There were solar panels here, too, and some of the metal plates they stepped on seemed to give a little under them, like they were pressurized. Trip could imagine a million things to do with power like that, harvested from a few thousand people walking over the plates, instead of relying on weather and luck for power.

After a long time, following Harold like a force-field that filtered the oncoming crowd around them, she stopped looking at the city itself and tried to concentrate on the people. She had almost gotten used to the idea of anonymity, and could watch people without so much as a flicker of interest or recognition from them. She stared at them in turn, in case she might see a face she might remember from Pyramid, or anything familiar at all.

But the more she looked, the less likely it seemed, and it was another five minutes of searching before Trip realized that they'd only seen a few enslaved since the commotion back at the radio, and none at all in the last hundred faces.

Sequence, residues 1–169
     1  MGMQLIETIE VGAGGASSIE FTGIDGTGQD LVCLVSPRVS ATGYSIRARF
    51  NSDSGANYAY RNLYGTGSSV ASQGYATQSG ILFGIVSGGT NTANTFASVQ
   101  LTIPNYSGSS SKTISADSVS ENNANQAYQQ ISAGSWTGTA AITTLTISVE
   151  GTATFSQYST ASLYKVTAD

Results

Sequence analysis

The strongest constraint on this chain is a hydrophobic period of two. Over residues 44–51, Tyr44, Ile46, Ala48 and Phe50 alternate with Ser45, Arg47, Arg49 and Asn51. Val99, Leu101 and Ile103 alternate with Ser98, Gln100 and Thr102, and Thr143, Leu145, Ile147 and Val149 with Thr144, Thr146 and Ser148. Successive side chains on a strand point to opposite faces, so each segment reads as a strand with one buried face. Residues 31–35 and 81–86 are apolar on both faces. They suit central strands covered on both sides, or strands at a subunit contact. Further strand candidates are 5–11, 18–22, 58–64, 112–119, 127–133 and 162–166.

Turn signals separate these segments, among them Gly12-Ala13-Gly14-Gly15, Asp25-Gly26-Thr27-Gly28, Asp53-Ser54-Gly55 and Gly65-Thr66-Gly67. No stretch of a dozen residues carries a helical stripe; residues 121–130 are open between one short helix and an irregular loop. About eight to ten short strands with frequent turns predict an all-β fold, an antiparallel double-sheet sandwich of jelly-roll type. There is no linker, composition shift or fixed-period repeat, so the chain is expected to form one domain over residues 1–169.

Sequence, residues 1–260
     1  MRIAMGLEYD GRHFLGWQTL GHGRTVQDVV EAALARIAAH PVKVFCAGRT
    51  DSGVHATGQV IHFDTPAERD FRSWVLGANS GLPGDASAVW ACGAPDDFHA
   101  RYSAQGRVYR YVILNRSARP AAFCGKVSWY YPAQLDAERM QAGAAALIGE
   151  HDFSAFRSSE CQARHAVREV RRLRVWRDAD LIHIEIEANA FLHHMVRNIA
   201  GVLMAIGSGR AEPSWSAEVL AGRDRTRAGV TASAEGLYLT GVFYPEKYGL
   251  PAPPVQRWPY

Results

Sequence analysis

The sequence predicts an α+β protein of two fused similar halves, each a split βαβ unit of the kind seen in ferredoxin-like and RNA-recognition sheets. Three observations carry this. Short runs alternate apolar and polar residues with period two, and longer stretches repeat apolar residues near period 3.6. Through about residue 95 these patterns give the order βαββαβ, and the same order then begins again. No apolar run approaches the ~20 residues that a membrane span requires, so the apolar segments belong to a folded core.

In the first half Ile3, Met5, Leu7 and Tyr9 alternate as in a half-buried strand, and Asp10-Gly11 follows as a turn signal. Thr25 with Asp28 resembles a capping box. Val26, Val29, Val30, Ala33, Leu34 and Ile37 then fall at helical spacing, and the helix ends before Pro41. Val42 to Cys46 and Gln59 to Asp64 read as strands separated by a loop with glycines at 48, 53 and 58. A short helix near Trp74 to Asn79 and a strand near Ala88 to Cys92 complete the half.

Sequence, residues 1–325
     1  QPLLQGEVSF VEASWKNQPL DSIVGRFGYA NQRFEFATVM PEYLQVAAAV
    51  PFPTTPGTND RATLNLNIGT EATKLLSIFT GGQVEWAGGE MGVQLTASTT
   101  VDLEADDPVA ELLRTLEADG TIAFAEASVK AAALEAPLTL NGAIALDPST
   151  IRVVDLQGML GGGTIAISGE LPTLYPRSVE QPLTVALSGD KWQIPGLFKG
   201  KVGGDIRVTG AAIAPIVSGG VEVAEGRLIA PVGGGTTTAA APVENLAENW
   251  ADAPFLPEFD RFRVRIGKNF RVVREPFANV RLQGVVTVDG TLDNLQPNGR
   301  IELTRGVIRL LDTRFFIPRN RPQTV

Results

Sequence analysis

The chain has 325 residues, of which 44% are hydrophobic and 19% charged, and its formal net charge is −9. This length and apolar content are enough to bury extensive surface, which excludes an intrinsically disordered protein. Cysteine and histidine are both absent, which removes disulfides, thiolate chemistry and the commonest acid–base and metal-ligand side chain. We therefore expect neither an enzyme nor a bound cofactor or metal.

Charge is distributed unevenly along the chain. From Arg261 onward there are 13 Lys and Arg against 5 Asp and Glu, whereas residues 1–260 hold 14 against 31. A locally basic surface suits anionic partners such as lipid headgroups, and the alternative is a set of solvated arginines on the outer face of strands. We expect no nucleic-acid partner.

The tunnels weren't so bad this time, now that he knew where he was going. He let the footprints guide him most of the way, but they never bothered with the offshoots. Whoever made them knew exactly where he was going. Monkey tested a number of them anyway, just in case, but they led him to cave-ins or exits that had been boarded up tight years ago. There was never any light, not even a lick of cool air that would tell him he'd found another way out, so he headed back to the footprints each time, and ticked the dead-end off his list.